They don't know what it is, or why they would want it. They haven't tried it.
Yet, at the same time, Google's laptops -- made by Samsung and Acer -- are now the two top sellers on Amazon.com, and six out of the top 14 are Google Chromebooks. Talk to many schools and you'll see them either throwing out Microsoft (MSFT) and Apple (AAPL) products already, or plotting to replace them with Chromebooks in the next year or two.
The overall market impact is clear: Windows PCs have been in decline for over a year, perfectly mirroring the increase in Chromebooks sales. Mac PC sales have ceased to grow, and can barely stay flat even with the "halo" drag effect from iPhones and iPads.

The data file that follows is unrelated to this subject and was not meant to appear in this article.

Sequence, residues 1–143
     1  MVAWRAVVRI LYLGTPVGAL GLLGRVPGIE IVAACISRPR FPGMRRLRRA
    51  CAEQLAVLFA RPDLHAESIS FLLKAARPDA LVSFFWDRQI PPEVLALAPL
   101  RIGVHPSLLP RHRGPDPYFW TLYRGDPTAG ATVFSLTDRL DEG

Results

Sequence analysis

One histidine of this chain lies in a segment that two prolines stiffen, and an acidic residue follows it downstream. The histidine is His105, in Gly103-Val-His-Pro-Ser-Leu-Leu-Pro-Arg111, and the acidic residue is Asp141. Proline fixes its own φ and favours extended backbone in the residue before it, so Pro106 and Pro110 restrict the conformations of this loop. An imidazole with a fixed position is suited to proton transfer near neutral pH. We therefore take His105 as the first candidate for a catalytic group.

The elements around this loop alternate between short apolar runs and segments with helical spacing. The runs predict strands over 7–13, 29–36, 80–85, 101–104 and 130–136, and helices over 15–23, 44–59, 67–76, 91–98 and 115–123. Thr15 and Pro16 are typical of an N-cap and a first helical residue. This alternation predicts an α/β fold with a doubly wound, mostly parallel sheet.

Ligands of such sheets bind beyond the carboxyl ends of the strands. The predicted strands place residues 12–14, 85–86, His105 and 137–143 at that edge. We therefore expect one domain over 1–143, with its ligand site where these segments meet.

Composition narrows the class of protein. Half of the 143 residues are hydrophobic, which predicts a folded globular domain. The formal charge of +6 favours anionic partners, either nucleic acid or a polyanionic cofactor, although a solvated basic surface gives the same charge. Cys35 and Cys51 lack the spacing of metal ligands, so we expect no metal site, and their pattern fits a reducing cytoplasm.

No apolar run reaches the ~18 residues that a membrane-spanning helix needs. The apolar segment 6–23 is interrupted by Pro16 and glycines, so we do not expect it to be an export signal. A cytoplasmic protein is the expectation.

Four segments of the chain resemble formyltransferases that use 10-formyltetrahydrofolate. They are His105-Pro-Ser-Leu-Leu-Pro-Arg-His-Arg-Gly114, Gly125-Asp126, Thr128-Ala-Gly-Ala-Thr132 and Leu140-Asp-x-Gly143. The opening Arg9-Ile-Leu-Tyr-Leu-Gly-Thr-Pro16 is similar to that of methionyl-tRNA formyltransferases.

In other words, whatever one's personal opinion about the quality and suitability of the product, the rapid rise of Chrome OS from a non-entity to material sales success is undeniable -- and you're not a denier, are you?
Still, to many Americans, Google's PCs are a mystery. They've never used one. It's a little bit like Tesla (TSLA): What's the big deal? "You're telling me that it's better, but I don't get it."
While there is no substitute for actually trying the product, I will try to sort out the two main questions most people tend to have about Chromebooks:
1. Why would I want a Chromebook when I can just run Chrome on my Mac or Windows laptop?
2. Why is Chrome OS better than Google's other operating system, Android?
Let's start with the first one: Why is Chrome OS better than Mac and Windows?